If there’s anything surprising about the Mandalore story so far—aside from how quickly we met the Mythosaur—it’s how chummy Bo, Din, and the Armorer are. They could, of course, have a falling-out over any number of matters in the second half of this season: clan leadership, Darksaber possession, helmet policy, Mythosaur strategy, how to handle Gideon or Mandalore. But for now, they’re one big, happy cult, poised to tackle any non-alligatoraptor-related threats that may soon surface.

Grogu is prepared for battle, too, having added a comically oversized rondel to his beskar collection (a little late to block Ragnar’s darts). “You will grow into this rondel as you grow into your station,” the Armorer tells him, perhaps slightly overestimating his species’ adult size. But the headline here isn’t Grogu’s latest accessory; it’s that we finally find out how he escaped the Jedi Temple. If we’ve learned anything from the first few seasons of this series, it’s that when you want to get lost in an agonizing reverie, you’ve got to go to the Forge. There, the sight of beskar being melted down, the sound of hammers and tongs, and the scent of Eau de Living Waters make the traumatic backstory seep out. After years of speculation about how he eluded destruction during Order 66—His own latent powers? Special dispensation from Palpatine or Vader? An assist from a famous Jedi, à la Luke in the second-season finale?—we now know the truth. Grogu got rescued by Jar Jar. Sort of.

Grogu was saved by a surviving Jedi, though not one with a household name: Kelleran Beq. Beq first appeared in a web-only game show for children called Star Wars: Jedi Temple Challenge—basically Star Wars–flavored Legends of the Hidden Temple. Only 10 episodes of the Lucasfilm-produced series exist, and they aren’t on Disney+, so Beq wasn’t much mentioned as a candidate to make the Mandalorian leap and pluck Grogu from harm’s way. In retrospect, though, Grogu’s savior feels fitting, because Beq—who serves as the host of the series—is played by Ahmed Best, best known to Star Wars fans as the actor who provided the voice and motion capture for frequent prequel punch line Jar Jar Binks.

The backlash to Jar Jar, and the harassment and racist invective hurled Best’s way, caused the actor to contemplate suicide. His live-action return to the franchise in 2020 via Jedi Temple Challenge was heartening—but Best saving Grogu’s life in the flagship show of Star Wars completes a touching turnaround to his off-screen Star Wars story, in light of what he went through. Grogu’s ascent in a turbolift to the Temple’s exterior, where he’s greeted by Beq, calls back to Luke’s ascent to the bridge of Gideon’s ship in Season 2. Master Beq, a Padawan supervisor known as the “Sabered Hand,” shows off his saber skills and his piloting acumen as he whisks Grogu away from Temuera Morrison–voiced clones of the 501st Legion. (On Jedi Temple Challenge, Beq carried a purple lightsaber, which was intended as a tribute to Mace Windu—another Jedi who was sometimes put forth as a candidate to save Grogu. On The Mandalorian, Beq wields both blue and green blades, possibly to avoid Mace-recasting confusion.)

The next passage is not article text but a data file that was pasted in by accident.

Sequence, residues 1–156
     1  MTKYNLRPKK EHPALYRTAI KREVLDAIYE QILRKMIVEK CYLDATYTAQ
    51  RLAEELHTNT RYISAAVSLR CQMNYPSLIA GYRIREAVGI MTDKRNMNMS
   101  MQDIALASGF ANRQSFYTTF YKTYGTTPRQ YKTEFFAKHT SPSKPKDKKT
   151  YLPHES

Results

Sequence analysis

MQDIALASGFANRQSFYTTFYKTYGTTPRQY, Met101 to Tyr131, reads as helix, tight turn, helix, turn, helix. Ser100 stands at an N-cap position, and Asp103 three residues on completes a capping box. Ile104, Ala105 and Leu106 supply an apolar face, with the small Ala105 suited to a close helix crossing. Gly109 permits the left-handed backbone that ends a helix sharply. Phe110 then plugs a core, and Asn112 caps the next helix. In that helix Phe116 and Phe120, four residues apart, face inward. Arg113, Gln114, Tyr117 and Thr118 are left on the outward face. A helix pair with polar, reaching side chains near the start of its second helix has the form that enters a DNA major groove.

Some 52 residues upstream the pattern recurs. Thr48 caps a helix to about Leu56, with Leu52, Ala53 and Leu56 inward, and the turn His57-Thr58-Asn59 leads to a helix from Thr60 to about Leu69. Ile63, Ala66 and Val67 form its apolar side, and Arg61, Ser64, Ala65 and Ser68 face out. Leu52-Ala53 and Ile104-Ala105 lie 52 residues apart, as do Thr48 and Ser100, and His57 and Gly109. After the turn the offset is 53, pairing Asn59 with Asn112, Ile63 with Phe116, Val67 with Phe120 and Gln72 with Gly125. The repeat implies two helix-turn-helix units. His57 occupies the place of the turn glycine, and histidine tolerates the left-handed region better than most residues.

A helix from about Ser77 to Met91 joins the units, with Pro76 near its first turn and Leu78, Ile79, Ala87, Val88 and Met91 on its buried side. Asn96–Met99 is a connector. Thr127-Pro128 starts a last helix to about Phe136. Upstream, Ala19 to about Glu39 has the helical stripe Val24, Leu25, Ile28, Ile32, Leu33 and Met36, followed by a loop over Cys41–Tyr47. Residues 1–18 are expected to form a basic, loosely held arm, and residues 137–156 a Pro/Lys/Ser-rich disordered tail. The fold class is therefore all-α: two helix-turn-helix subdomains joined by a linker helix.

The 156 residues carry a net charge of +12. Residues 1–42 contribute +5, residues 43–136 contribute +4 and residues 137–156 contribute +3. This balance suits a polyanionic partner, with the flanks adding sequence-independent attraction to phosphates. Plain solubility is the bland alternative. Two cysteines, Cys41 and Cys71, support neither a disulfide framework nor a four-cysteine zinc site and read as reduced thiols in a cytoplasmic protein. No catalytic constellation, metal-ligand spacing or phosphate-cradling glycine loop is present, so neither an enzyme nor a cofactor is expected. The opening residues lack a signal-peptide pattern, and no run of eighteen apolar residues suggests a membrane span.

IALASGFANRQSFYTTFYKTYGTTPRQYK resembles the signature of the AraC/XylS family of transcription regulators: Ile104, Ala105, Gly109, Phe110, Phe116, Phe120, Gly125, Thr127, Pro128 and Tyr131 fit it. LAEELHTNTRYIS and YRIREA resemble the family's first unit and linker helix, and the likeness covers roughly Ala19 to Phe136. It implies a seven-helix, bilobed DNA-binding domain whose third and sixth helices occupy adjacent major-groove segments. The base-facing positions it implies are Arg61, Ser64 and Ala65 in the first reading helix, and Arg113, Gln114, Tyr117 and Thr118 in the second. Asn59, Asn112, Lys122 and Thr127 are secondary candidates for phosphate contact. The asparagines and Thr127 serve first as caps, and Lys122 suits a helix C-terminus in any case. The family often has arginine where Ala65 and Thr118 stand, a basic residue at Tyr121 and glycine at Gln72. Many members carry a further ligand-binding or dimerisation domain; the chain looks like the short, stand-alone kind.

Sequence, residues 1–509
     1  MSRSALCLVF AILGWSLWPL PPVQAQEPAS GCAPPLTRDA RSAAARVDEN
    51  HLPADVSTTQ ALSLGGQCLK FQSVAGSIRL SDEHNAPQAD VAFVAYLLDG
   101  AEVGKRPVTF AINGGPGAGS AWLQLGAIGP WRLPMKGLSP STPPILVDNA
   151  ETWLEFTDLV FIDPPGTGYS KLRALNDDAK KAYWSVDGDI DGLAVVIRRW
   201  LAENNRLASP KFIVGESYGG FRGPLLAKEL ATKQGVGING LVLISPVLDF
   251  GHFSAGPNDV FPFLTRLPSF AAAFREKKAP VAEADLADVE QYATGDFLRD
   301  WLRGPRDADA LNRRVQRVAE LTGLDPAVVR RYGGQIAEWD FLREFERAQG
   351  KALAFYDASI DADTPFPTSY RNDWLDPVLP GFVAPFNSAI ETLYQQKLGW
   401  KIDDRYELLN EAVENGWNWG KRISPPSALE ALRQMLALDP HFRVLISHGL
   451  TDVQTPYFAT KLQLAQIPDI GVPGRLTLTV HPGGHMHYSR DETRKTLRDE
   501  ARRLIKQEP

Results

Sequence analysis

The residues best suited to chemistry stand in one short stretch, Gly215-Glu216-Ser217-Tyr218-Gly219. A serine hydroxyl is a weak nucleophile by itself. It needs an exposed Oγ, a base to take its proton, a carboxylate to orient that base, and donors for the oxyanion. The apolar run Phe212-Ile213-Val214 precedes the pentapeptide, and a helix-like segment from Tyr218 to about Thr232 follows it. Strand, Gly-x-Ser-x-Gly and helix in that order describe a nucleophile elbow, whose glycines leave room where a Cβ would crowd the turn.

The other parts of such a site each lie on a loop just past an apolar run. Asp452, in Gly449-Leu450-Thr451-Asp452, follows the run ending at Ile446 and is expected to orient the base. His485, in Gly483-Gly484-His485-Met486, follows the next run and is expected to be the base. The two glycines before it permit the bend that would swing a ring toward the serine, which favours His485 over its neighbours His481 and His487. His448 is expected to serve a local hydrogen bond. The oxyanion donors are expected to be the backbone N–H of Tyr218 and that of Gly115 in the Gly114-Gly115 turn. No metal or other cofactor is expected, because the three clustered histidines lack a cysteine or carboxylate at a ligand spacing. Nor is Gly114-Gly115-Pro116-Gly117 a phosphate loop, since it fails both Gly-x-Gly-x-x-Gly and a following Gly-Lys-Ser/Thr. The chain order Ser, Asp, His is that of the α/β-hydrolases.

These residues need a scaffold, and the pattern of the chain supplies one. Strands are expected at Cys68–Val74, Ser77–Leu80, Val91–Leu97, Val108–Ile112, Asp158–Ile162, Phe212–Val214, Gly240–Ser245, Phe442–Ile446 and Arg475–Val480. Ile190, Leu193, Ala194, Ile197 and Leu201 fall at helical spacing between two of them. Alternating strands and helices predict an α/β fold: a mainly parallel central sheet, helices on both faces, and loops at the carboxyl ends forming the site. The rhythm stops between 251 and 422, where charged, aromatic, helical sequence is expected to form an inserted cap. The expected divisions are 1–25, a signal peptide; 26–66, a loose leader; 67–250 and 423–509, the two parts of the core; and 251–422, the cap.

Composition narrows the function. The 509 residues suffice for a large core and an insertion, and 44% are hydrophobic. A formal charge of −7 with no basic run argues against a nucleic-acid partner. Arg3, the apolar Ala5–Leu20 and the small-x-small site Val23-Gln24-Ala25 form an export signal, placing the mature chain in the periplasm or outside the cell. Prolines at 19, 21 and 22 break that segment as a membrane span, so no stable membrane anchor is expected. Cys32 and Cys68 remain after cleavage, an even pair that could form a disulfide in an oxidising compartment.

Although “The Foundling” doesn’t explicitly invoke Jar Jar, the episode hints at his contribution: That Nubian yacht parked on a platform by “some friends” of Beq’s, which Beq and Grogu use to escape from Coruscant, may well belong to Naboo’s own Senator Binks. If so, there’s a chance that Jar Jar may have played some part in the formation of the Hidden Path, the underground network that ferries Force-sensitives to safety, as shown in Obi-Wan Kenobi. Leave it to Filoni to continue the rehabilitation of Jar Jar, a process started in The Clone Wars and continued in the books. However you feel about Jar Jar all these years later, it’s hard to hold anything against the bombad Gungan who gave Grogu a new lease on life.

As with “The Convert,” the title of this episode could refer to multiple characters. We now know how one of them, Grogu, was saved for the first time, but there’s plenty of his history left to tell—and his future remains in motion, too. Given his connections to characters from all three trilogies of the Skywalker Saga (not to mention his potential to live long beyond it), the little green guy is shaping up to be a vergence in the Force for the franchise: not just a cute way to move merch, but also a central figure that Star Wars stories swirl around. For now, he’ll have to figure out whether he wants to take on a new type of apprenticeship after recently rejecting one with Luke. And The Mandalorian, which went back to its core character trio and its creature-feature, swashbuckling bread and butter after a one-week deviation in character and tone, will have to throw more threats at him and his friends in the four weeks to come.